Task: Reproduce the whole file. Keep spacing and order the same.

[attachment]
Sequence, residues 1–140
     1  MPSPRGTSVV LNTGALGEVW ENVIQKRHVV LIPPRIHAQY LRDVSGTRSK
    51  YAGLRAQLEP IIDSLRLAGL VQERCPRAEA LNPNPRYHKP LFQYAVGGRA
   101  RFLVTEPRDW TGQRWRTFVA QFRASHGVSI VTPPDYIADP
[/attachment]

Sequence, residues 1–140
     1  MPSPRGTSVV LNTGALGEVW ENVIQKRHVV LIPPRIHAQY LRDVSGTRSK
    51  YAGLRAQLEP IIDSLRLAGL VQERCPRAEA LNPNPRYHKP LFQYAVGGRA
   101  RFLVTEPRDW TGQRWRTFVA QFRASHGVSI VTPPDYIADP